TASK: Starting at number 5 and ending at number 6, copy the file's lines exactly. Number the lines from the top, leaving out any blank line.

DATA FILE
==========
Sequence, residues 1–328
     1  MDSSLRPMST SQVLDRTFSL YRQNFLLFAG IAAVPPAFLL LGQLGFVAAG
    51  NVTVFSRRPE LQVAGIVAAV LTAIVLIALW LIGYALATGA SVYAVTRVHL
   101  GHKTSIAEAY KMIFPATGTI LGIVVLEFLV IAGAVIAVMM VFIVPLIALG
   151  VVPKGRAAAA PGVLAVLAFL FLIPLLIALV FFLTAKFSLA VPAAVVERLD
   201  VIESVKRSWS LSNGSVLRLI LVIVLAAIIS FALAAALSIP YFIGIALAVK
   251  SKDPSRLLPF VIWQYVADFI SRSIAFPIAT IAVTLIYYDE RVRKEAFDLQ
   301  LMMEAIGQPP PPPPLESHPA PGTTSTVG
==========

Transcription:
   151  VVPKGRAAAA PGVLAVLAFL FLIPLLIALV FFLTAKFSLA VPAAVVERLD
   201  VIESVKRSWS LSNGSVLRLI LVIVLAAIIS FALAAALSIP YFIGIALAVK